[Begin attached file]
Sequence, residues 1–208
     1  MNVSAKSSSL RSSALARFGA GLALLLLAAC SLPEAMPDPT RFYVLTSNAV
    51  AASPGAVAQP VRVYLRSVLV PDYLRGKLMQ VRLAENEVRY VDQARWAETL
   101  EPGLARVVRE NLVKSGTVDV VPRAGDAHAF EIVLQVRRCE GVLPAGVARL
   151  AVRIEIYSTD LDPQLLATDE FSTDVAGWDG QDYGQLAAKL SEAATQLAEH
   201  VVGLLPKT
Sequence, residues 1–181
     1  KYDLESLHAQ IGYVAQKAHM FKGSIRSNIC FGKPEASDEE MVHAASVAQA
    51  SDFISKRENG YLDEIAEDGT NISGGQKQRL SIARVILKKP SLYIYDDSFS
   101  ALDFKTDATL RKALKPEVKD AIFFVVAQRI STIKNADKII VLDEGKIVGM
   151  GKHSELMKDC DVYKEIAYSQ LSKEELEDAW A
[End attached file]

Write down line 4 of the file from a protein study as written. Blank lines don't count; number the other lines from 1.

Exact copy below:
   101  EPGLARVVRE NLVKSGTVDV VPRAGDAHAF EIVLQVRRCE GVLPAGVARL